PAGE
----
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India from the Inside - a Tour Through Rajasthan and Madhya Pradesh

Jaisalmer, Rajasthan

On the road to Jaisalmer, 30 km outside Bikaner, is Gajner Lake. Along the embankment sits Maharaja Ganga Singh's former hunting lodge - Gajner Palace. I coaxed Surjit into making a brief stop (as we had a long drive ahead that day) after reading about the famous parties the Maharaja hosted during the British Raj. It was his summer residence and legendary as much for the Christmas Grouse Shoot as the royal guests. It is also the largest hotel in the world (by area) and a exceptional example of Rajasthani architecture.

The pink sandstone palace (now a handsome hotel) and the setting, are sublime - terraces and guest rooms overlook a placid, artificial lake dotted with waterfowl. Voluptuous bougainvillea spills over the stone entrance gates and pretty green parrots flit about the entry courtyard. There are acres of garden and deep forests. On the lakeside there is a Victorian restaurant looking out on to a stone promenade and you can imagine yourself in one those boats moored nearby, drifting languidly...

The 6,000 acre estate is now part of a wildlife sanctuary filled with migratory birds, Cheetal, Chinkara, Black Buck, Neelgai and wild boar. There are still descendants of the Imperial Sand Grouse - subject of the Maharaja's royal shooting parties.

There is however, no suggestion of the grandeur and lush grounds as you travel the corrugated road, past the wretchedly poor villages, to arrive here - only dirt, heat, rocks and poverty.

A dismal juxtaposition unchanged for over 100 years.

Later, we saw herds of camels and their traders beside the highway - the men dark and handsome, slyly urging photos with their beasts, then turning, demanding payment. Desert nomads travelled the roadway as well - the camel carts piled high with children and colourful belongings, stubborn goats and more camels in tow. Past date palm plantations, (well irrigated against the desert heat) turning to barren scrub with rocky soil, then finally sand. Sifting and shifting sand that was impossible to escape - it dried my throat and hair and endless bottles of water were useless to quench my thirst.

We drove on, stopping by the roadside Dhaba's for chai, samosa and tasty parathas. Our destination was Desert Camp Khuri - a small local village outside Jaisalmer. Not as popular as Sam Sand Dunes, it was quietly situated and sparsely populated. I loved it immediately and wasn't disappointed when we reached the camp. Huts made of mud and dung, their roofs thatched by small branches, sat within a huge, mud-walled courtyard and were surprisingly well fitted. At one side was a collection of large canvas tents (the pleasure of which I enjoyed for two nights) luxurious by Indian standards and including a large bathroom and roomy bed under a canopy of bright, hand-blocked fabric.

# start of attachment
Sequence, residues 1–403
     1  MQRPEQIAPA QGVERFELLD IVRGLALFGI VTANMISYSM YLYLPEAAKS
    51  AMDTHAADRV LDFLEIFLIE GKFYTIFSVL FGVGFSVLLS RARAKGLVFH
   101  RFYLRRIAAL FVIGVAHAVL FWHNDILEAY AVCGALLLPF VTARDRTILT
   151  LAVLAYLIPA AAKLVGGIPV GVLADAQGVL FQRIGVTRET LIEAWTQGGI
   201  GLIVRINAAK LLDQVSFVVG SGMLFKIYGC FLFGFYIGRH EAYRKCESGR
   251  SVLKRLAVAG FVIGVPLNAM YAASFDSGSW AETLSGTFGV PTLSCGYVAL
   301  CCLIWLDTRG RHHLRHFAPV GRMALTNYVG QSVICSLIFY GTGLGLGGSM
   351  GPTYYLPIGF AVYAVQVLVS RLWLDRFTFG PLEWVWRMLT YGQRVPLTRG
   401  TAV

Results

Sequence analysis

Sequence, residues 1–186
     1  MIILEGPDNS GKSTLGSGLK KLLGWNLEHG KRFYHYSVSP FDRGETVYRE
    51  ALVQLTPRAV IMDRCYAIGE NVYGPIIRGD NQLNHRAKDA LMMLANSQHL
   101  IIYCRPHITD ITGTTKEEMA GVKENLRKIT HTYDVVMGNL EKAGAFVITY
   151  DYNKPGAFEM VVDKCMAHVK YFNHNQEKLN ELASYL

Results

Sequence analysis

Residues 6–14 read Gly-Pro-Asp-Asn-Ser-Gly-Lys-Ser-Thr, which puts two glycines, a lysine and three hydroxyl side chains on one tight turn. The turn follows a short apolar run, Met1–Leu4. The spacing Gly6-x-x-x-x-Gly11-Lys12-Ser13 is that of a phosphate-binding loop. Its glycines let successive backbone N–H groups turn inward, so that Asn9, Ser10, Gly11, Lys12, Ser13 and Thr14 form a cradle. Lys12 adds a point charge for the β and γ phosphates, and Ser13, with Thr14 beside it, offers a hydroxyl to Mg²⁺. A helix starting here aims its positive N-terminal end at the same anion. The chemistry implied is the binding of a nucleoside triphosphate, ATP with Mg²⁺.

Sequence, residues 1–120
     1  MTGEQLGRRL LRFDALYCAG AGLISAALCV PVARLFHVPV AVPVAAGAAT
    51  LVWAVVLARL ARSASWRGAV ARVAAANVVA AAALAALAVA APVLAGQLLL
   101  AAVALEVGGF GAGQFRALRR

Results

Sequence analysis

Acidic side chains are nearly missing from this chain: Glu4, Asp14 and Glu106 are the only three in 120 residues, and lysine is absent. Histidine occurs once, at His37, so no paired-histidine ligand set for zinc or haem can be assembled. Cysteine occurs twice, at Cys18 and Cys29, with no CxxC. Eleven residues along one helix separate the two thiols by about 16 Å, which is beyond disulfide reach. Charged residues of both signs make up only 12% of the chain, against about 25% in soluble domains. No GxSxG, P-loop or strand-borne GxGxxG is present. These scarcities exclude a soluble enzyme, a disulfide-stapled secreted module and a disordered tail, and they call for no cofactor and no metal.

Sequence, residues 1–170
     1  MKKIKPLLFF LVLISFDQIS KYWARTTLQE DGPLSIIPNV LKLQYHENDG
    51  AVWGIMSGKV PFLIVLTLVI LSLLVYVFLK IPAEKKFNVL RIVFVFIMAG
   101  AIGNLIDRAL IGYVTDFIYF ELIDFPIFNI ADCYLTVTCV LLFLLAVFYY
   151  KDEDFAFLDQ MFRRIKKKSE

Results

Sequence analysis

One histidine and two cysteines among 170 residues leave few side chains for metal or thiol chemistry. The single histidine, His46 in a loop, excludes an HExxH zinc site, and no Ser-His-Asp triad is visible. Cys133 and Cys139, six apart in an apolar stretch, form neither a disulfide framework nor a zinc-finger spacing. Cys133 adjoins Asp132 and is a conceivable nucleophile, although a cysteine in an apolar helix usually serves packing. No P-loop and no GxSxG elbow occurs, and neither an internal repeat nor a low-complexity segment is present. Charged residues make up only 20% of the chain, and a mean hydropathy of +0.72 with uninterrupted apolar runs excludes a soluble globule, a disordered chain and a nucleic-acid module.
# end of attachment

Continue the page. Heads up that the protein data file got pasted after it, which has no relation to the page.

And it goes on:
We arrived before sunset in time to take a ride through the desert. The peaceful setting was surreal after the noisy, jarring hours on the highway. The air was cool and fresh as the sun slipped down behind the dunes and the sand hills stretched endlessly in shades of gold, red and pink. Women chatted quietly as they gathered water from a nearby well while the camels knelt down in the sand beside our compound.

I declined the hair-raising jeep safari - dune busting was not on my agenda and opted for a tour of a local village nearby. Hundreds of kids poured out from between the dung huts and chased us as we drove by. My driver told me about the large families - it's a competition and point of pride among the men to see who could have the most children!

We spent a pleasant evening around a fire with traditional Rajasthani food and music that night. A young village girl danced to the harmonium and I went to sleep with the smell of wood smoke drifting through my tent.

The next day we searched Jaisalmer for an ATM that was open. The government recall of old 500 and 1000 denomination notes in November meant that everyone was forced to queue up for a daily rupee allotment. Most ATM's were shut and it became enormously frustrating to search for cash. I gave up after a couple of hours in the heat and traffic and walked up to the old Jaisalmer fort instead.

The fort was a delight because it was still inhabited and lively with locals and tourists. The narrow stone paved streets had plenty of shopping, food stalls, guest houses and hotels, along with a beautifully carved Jain temple and the royal palace. Cows, motorcycles, travellers, shopkeepers and tuk tuks jostled about the shops under the clear blue skies. Up above, I explored the ramparts and a maze of tiny hotels whose expansive terraces and balconies overlooked the golden city. Afterwards, we found a Western Union that would give a cash advance against my credit card, and in the late afternoon headed back to the desert.

Our host had planned a special dinner for us that night and I was anticipating a wonderful, romantic escapade on the dunes under the stars. It was magical - as promised. Mahindra, our escort, gathered wood for a campfire and laid out blankets on the cool sand. Overhead, the velvety sky was perforated by millions of stars. We sipped Kingfisher beer and ate delicious local desert beans, rice and roti from the tiffins while we chatted. No five star meal could have been any better and I was elated by my experience. I slept gratefully that night, wondering what tomorrow and Jodhpur would bring.

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